Hadoop Tutorial Series, Issue #3: Counters In Action

Note: This post has been updated with a code working for hadoop 0.20.1.

In this 3rd issue of the hadoop tutorial series, we’ll speak about a very simple but very useful hadoop’s feature: counters.

Even if you have never defined any counters in hadoop, you can see some of them each time you are running an hadoop job. Indeed, here is what you can see from the client console at the end of the execution of a job (can also be seen from the web interface):


Hadoop internal counters at the end of a job (Click to enlarge).

As you can see, 18 internal counters are presented inside different groups. For instance, you can see a section “Job Counters” with three different counters giving basic information about the job like the number of mappers and reducers. In that example, “Job Counters” is called the group of the counter and “Launched reduce tasks” (for instance) is properly the name of the counter.

It is very handy to define your own counters to track any kind of statistics about the records you are manipulating in the mapper and the reducer. The most natural use of that is to use counters to track the number of malformed records.

If you are executing a jobĀ  and you see an abnormally high number of malformed records, it can give a good hint that you perhaps have a bug in your code or some problem with your data (note this is actually a much simpler way to spot issues than tracking error messages in a distributed set of log files). But you can actually use counters for any kind of other statistics on your records.

One easy way to define your own counters from your Java code is:

  • Declaring an enum representing your counters. The enum name is the group of the counter, and each field of the enum is the name of the counter that will be reported in this same group
  • Incrementing the desired counters from your map and reduce methods through the Context of your mapper or reducer (in previous hadoop version it was through the Reporter.incrCounter() method, but the reporter no longer exists in hadoop 0.20)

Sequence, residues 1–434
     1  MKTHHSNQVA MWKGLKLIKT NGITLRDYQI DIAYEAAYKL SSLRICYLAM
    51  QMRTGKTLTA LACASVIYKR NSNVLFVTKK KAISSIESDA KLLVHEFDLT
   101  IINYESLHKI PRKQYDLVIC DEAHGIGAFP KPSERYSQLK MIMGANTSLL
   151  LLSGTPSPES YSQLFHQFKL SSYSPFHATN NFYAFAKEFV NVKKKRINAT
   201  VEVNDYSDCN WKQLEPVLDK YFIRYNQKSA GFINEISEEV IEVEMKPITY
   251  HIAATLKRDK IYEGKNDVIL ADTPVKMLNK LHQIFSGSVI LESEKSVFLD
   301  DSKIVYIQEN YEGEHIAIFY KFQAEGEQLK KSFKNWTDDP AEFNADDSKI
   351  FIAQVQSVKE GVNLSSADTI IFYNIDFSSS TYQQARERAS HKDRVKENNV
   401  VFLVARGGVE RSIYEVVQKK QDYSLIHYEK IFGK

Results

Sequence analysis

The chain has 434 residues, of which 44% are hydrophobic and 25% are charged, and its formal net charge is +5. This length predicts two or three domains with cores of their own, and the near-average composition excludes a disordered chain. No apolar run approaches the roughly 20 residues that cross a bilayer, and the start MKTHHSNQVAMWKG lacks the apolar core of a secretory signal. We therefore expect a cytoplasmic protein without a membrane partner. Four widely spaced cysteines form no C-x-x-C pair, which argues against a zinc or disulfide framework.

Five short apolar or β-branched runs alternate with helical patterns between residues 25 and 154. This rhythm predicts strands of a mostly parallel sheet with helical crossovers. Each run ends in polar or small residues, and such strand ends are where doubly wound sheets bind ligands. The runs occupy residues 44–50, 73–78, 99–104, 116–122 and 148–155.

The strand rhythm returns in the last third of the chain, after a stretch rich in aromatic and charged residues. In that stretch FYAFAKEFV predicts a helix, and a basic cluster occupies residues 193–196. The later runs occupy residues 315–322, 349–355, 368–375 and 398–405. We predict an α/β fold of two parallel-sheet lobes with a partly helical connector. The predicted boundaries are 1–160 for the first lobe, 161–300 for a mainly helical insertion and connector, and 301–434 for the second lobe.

So let’s see an example. We’ll take the word count example revised for version 0.20.1 to illustrate the use of counters. We will create a counter group called WordsNature that will count how many unique tokens there is in all, how many unique tokens starts with a digit and how many unique tokens starts with a letter.

So our enum declaration will look like that:


We will also need a very basic StringUtils class:

package com.philippeadjiman.hadooptraining;
public class StringUtils {
	public static boolean startsWithDigit(String s){
		if( s == null || s.length() == 0 )
			return false;
		return Character.isDigit(s.charAt(0));
	public static boolean startsWithLetter(String s){
		if( s == null || s.length() == 0 )
			return false;
		return Character.isLetter(s.charAt(0));

Since we are interested in unique tokens, we will put the code related with the counter into the reduce method. So here how the reduce method will look like:

public void reduce(Text key, Iterable values, Context context)
	throws IOException, InterruptedException {
	int sum = 0;
	String token = key.toString();
	if( StringUtils.startsWithDigit(token) ){
	else if( StringUtils.startsWithLetter(token) ){
	for (IntWritable value : values) {
		sum += value.get();
	context.write(key, new IntWritable(sum));

Here is the code of the WordCountWithCounter that include this code.

If you want to run it inside our learning playground you’ll just have to update the pom with hadoop latest version:


So here is the result after running the code with, as input, the whole text of moby dick:


We can now see our home made counters. (Click to enlarge)

So we can see now that we have 33783 unique tokens, 32511 starting with a letter and 263 starting with a digit. What about the 1009 others?? Well, because the word count example use a basic StringTokenizer that splits tokens at spaces, a lot of words simply starts with a ‘(‘ or with a ‘[‘ and even with ‘–’. To solve that you can for instance use a lucene StandardAnalyzer.

You should now be able to easily implements your own counters for tracking bad records/missing values, debugging or gathering any kind of statistics around your job.

See you soon for another issue…

One thought on “Hadoop Tutorial Series, Issue #3: Counters In Action

  1. Pingback: Iterative algorithms in Hadoop « Kenkyuu